A few days later, in my ham shack, we sat down to listen to one of the recordings I made in New Orleans on my SDR. I taught her some of the basics, I let her put on the headphones to try to see if she could decipher what she was hearing from weaker stations.


"What did you think" I asked after our listening session. "Can you see yourself doing more of that?"


"Definitely, I want to learn more," she replied.


Then, a night or two later,I fired up my ICOM R-72 receiver and strung up an improvised longwire antenna hung into our stairwell. We sat down and my wife logged her first AM radio station. By the end of the night, 15 stations were in her log. I taught her about Sunset skip, about nighttime power downs and antenna pattern changes. I taught her about clear channels, about how to read the NRC AM Log and how to listen for the telltale sounds of Cuba's Radio Reloj.


It was amazing to see the thrill of the chase of DX through her eyes. To see the excitement of that first catch, the thrill of putting the first non-US station in the log. The first time being surprised at just how far away that radio station is you are hearing.


Each frequency, I would play a game.


"Look at the NRC Log, and tell me which station you think you are hearing based on the format, how loud they are, where the stations are located, their power, etc."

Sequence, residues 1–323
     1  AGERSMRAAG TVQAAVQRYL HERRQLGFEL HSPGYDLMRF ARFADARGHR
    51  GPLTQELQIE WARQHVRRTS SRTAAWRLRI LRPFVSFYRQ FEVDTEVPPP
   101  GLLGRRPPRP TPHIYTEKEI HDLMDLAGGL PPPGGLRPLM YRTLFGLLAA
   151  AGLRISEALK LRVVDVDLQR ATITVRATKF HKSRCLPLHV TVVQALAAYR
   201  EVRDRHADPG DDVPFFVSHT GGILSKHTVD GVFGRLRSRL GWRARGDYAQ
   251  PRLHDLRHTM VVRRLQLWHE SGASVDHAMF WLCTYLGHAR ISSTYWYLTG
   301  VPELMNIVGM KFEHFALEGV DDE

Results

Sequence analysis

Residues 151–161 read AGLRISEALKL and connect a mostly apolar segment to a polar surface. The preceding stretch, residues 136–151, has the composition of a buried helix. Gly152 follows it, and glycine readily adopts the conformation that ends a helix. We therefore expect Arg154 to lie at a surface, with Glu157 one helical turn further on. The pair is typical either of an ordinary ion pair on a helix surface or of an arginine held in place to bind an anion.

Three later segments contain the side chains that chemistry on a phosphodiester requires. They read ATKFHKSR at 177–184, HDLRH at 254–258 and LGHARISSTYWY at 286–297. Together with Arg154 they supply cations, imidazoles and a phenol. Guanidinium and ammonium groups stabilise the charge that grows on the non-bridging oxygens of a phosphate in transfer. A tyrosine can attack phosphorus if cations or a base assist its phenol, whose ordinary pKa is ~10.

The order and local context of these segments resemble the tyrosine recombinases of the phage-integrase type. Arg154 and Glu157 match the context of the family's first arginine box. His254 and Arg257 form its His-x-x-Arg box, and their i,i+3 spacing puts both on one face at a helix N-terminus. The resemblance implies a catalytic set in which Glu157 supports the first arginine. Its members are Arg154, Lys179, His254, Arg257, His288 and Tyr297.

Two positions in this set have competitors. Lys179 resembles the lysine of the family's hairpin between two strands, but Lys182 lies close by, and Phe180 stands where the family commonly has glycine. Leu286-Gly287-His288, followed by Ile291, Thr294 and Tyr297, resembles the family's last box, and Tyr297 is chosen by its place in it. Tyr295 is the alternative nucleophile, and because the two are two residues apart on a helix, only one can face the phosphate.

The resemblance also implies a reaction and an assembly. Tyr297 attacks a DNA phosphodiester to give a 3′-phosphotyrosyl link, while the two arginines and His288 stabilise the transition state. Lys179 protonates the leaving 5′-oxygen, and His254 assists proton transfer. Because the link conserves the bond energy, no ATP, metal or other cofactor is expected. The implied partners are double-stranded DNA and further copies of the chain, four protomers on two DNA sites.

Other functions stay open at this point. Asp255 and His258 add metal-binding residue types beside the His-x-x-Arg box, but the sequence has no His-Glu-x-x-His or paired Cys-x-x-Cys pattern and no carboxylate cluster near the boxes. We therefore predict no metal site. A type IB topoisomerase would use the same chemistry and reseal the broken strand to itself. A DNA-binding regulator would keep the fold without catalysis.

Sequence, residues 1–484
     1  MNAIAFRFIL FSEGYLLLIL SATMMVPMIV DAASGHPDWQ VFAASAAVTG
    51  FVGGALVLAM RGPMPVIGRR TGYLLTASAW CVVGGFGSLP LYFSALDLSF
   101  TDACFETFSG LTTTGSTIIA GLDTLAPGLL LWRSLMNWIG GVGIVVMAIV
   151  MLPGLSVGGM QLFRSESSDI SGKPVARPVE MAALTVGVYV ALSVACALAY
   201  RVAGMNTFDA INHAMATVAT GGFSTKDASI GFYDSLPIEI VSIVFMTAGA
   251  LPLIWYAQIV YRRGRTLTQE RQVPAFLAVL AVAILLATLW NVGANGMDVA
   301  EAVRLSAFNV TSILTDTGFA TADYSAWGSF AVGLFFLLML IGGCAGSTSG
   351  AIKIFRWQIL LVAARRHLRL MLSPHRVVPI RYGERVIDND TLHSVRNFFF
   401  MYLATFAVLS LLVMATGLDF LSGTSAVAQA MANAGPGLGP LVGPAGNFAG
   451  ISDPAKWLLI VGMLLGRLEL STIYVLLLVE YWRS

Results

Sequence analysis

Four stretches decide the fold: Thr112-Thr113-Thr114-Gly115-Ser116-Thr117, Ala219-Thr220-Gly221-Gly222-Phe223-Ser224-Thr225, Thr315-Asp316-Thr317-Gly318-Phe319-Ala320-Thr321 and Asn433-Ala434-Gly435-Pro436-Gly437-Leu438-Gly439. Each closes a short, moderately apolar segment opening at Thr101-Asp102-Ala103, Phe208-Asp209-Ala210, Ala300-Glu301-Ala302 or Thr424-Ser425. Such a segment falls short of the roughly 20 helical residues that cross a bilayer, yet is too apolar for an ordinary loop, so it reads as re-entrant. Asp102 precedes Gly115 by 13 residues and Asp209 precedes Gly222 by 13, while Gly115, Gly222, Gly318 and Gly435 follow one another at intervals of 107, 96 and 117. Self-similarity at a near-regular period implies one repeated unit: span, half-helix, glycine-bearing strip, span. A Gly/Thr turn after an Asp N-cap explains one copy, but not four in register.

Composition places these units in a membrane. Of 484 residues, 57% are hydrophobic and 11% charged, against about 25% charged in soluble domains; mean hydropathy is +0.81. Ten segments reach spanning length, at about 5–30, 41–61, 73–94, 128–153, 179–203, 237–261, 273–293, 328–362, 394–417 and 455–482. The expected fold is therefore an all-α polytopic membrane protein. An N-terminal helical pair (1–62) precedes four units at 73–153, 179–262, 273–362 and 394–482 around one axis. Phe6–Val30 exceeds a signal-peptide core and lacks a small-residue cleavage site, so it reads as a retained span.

"Let's see, 760 khz, that's probably this station down in Florida," she said. Convinced that AM was largely localized since most of her logged stations to that point were in the Southeast."


When WJR-Detroit, MI did their full, legal ID at the top-of-the-hour, there was genuine surprise and excitement in her voice.


"Detroit? Michigan? Really?! Wow!"


PASSING IT ON

This is what we need more of. We need more people to feel the thrill of their first AM DX catch. Heck, even us seasoned DXers would do well to feel that tingle in our bellies from our DXploits.


I still get excited and jump around in the shack when I snatch a new country or state. When I recently logged Venezuela for the first time, the "WHOOOOOOO!" was likely heard blocks away.


This is all part of what inspired me to start this site. To provide the knowledge, the skills, the expertise of the art of DX to a new generation of DXers. The experience I have gained in the past 30 years of spinning the dials does no good for the greater DX community if it never leaves my shack.


So find someone in your daily life. Maybe a spouse, co-worker, child, family member, neighbor, fellow church goer...anyone you think may be enchanted by the thrill of the dial. Listen for clues: an interest in science or technology, maybe they like to tinker with things (those of us that like to take apart and put back together stuff are notoriously drawn to DX), maybe they have a fascination around geography or travel.


Let's pass on our love of this hobby to others so that 30 years from now, AM or FM DX won't be a distant memory of something that people "used to do."


73 my friends and best of DX,


Loyd - W4LVH